The Maharashtra government has justified the restrictions imposed by the state government on dance bars saying “there’s no art in their dance”. During a hearing in the Supreme Court in the Mumbai dance bar case on Wednesday, the government counsel said: “There’s no art in their dance, they aren’t trained artistes and hence their dance may become obscene.”
The state government further submitted that the bars must have CCTVs inside the premises since “they are visited by criminal elements”.
On September 21, the apex court had ruled in favour of three bar owners who had challenged the “stringent” norms imposed by the state government to ensure “safety of women”. A division bench of the top court, headed by Justice Dipak Misra and Justice C Nagappan, had then allowed the three bars with proper CCTVs to function.
Batting for age restrictions, the government counsel also said those under 21 years of age should not be allowed to go to dance bars as they could be “spoiled”. “Those below 21 can’t be allowed as they can get spoiled by the kind of amusement bars provide. They must be kept away from such atmosphere,” the counsel said.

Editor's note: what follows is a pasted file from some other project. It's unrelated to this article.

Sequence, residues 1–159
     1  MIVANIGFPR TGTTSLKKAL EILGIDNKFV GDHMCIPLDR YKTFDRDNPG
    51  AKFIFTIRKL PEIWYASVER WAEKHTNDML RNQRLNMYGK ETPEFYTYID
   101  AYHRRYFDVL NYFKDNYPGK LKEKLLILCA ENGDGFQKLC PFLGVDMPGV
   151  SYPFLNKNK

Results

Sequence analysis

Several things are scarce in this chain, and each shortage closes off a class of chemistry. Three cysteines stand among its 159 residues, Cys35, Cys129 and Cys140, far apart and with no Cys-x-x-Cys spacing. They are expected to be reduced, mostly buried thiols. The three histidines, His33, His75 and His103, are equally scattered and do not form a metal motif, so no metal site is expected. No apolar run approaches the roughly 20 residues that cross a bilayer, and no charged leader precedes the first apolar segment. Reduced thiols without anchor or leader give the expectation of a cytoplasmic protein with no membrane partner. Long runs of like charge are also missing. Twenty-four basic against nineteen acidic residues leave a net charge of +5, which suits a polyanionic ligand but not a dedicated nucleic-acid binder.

On August 30, the top court had issued a notice to the Maharashtra Government over the new law for dance bar licences asking it to reply within six months. The Dance Bar Regulation Bill, which was unanimously passed by the Maharashtra Assembly on April 13, also prohibits serving liquor in performance areas. It also imposes heavy penalties on dance bar owners and customers for not following these rules.
The dance bar owners objected to the restrictions imposed by the state government. Rules like maintaining a mandatory distance of one kilometer from any religious or educational structure, closing the dance bars before 11.30 pm and others have hit the dance bar business, claim the bar owners.
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